Now tell me how crack cocaine is beneficial for the environment - I guess because it kills people and prevents them from using CFLs.

среда, 31 декабря 2014 г.

Logitech K310 Keyboard - 100 Percent Washable, 98 Percent Amazing

This is one hundred percent insane. Red Dot design award went to Samsonite for Inova suitcases which are... well, plain boring suitcases with plain boring zip locks and... WOW!!! hard and durable plastic body.

Curious to see how they look like after several dozen trips and how using such suitcase changes its owner's life for the better and especially whether the change is worth the overwhelming sticker price of the suitcase. Seriously, does anyone have any case studies or success stories about that?

Meanwhile on the bright side of the planet... Why didn't Logitech nominate its K310 keyboard which is just two steps from being absolutely amazing?

K310 is neat, thin, lightweight, strong, durable (as any other Logitech keyboard for the record) and you can wash it under water tap.

Dust between keys? Tiny food particles between keys? Fibers from office paper towels between keys? You don't have to clean this keyboard with compressed air or the like - you just unplug it and wash it under the water tap. Then you let it dry for several hours and your keyboard is almost new.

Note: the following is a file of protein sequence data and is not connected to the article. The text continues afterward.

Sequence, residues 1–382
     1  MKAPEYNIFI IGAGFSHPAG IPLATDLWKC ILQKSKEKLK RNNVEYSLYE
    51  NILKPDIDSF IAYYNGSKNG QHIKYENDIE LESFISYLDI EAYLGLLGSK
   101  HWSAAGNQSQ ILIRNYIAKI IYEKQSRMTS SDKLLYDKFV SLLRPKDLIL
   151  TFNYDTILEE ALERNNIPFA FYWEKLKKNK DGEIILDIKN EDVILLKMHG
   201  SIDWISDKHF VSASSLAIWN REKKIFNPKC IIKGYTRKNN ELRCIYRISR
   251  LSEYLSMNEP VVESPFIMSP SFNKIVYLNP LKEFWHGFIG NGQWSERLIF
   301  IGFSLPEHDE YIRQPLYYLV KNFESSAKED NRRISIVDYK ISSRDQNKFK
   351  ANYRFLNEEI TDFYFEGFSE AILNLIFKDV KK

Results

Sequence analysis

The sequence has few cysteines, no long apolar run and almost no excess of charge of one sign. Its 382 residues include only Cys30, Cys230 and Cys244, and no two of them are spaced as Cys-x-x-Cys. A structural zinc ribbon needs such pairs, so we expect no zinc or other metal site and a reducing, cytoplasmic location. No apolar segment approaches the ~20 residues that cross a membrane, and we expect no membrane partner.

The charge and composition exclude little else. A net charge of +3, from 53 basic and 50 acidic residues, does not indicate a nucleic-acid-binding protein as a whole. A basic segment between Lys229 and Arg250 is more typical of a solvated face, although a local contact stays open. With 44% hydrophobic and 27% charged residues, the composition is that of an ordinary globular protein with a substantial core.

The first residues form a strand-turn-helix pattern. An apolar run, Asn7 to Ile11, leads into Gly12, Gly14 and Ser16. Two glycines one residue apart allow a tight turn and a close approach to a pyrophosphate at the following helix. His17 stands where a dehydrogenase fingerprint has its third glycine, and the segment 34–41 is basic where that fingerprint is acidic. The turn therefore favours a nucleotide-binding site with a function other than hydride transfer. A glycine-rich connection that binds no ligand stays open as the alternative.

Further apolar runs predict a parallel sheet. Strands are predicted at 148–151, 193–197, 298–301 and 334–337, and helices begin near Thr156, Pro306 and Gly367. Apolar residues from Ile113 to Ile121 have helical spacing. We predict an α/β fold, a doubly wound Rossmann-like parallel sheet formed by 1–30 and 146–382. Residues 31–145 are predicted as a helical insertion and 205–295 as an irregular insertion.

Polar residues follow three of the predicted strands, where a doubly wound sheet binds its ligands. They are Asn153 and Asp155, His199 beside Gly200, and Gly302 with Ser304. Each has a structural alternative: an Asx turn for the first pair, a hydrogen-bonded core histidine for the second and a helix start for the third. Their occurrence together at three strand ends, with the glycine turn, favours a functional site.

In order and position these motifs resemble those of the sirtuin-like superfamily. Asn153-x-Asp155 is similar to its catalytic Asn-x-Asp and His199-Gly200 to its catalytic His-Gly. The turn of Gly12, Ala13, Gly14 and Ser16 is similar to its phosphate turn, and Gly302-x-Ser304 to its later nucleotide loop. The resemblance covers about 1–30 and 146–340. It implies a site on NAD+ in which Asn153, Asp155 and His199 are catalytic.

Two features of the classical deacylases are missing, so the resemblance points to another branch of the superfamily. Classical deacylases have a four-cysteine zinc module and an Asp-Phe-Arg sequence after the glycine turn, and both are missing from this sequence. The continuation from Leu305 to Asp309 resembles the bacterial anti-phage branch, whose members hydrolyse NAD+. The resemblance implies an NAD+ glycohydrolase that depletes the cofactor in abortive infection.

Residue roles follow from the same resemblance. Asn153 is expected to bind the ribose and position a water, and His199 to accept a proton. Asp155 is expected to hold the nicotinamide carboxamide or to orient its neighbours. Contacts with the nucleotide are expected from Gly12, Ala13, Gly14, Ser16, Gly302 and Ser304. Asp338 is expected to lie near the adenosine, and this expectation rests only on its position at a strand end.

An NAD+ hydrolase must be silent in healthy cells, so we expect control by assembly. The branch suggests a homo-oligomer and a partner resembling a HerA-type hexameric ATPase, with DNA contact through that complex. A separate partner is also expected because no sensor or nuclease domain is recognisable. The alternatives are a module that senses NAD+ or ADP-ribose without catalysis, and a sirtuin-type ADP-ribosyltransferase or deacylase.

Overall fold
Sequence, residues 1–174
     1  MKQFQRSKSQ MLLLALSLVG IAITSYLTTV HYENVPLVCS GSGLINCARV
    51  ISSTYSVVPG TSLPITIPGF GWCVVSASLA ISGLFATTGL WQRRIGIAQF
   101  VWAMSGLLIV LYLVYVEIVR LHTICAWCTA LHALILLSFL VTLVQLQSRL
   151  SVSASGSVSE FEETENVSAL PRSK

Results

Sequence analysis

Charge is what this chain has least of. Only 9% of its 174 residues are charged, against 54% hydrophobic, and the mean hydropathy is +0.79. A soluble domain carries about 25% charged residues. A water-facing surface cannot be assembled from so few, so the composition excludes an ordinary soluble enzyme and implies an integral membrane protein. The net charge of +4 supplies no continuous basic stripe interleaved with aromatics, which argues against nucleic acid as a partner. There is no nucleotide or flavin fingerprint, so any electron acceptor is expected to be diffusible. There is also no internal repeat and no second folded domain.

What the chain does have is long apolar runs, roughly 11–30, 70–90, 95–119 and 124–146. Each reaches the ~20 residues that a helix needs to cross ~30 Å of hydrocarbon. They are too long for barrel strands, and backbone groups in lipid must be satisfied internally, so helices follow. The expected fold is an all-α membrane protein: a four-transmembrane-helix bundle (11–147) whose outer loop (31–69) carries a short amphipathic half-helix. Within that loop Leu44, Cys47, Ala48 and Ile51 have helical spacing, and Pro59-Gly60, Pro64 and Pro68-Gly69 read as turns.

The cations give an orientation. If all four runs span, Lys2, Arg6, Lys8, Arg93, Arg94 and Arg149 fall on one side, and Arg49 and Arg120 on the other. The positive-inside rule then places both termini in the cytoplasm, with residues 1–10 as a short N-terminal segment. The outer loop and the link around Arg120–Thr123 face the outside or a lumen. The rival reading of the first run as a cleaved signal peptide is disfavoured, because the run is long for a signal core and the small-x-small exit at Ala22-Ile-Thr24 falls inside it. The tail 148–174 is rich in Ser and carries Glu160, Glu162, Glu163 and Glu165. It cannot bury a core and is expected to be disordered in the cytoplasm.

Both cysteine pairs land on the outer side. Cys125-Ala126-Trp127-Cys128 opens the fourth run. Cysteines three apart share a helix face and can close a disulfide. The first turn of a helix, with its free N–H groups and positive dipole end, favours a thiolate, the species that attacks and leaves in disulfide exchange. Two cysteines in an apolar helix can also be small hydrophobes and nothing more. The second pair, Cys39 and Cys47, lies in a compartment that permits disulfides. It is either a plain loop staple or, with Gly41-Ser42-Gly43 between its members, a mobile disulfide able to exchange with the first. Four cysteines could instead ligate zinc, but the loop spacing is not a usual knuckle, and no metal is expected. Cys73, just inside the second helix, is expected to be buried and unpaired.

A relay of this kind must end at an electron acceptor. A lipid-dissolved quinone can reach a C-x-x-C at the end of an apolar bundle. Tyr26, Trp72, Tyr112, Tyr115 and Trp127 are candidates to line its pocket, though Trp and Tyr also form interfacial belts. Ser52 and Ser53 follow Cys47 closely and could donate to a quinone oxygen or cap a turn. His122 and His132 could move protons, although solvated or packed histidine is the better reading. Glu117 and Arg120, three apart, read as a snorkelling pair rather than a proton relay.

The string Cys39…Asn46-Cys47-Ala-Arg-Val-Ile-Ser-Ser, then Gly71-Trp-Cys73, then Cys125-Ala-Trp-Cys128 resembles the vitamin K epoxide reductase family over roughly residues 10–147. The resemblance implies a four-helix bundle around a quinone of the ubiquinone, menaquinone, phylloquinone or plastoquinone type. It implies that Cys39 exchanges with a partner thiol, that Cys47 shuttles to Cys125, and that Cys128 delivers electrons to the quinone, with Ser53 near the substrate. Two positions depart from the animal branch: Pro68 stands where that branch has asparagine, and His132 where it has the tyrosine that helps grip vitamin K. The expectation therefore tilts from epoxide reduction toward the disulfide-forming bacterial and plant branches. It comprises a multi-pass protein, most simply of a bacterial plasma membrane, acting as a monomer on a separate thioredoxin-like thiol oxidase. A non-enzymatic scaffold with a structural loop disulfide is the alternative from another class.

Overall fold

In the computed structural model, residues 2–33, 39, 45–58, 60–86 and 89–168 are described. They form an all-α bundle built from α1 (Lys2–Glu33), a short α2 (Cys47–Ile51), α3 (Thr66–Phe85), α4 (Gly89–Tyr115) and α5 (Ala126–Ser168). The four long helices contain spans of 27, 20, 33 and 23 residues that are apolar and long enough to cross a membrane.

It's "almost" because water leaves occasional light gray stains on the dark gray plastic when it dries - same as stains from raindrops on a dark car body. This is what happens when dark colored stuff gets wet and then dries. Too bad dark gray is the only choice of color with this keyboard.

There's just one thing which is really uncool with this keyboard - the space between the groups of keys (between the letters and the up-down-left-right block and between the latter block and the numbers block) is just a bit narrower than it was on Deluxe 360 model. Why would this design change be necessary? Saving a gram of plastic at the expense of user frustration? Was the focus group formed of typists who never use a computer or what? The bright side is that a human can adapt to almost any piece of design crap and especially so when the piece is not very large.

So after a week or so of frustration and hitting the wrong keys you have good chances to either violently break it into pieces or accept it and enjoy the fact that you can wash it as easily as you wash your jeans and cookware.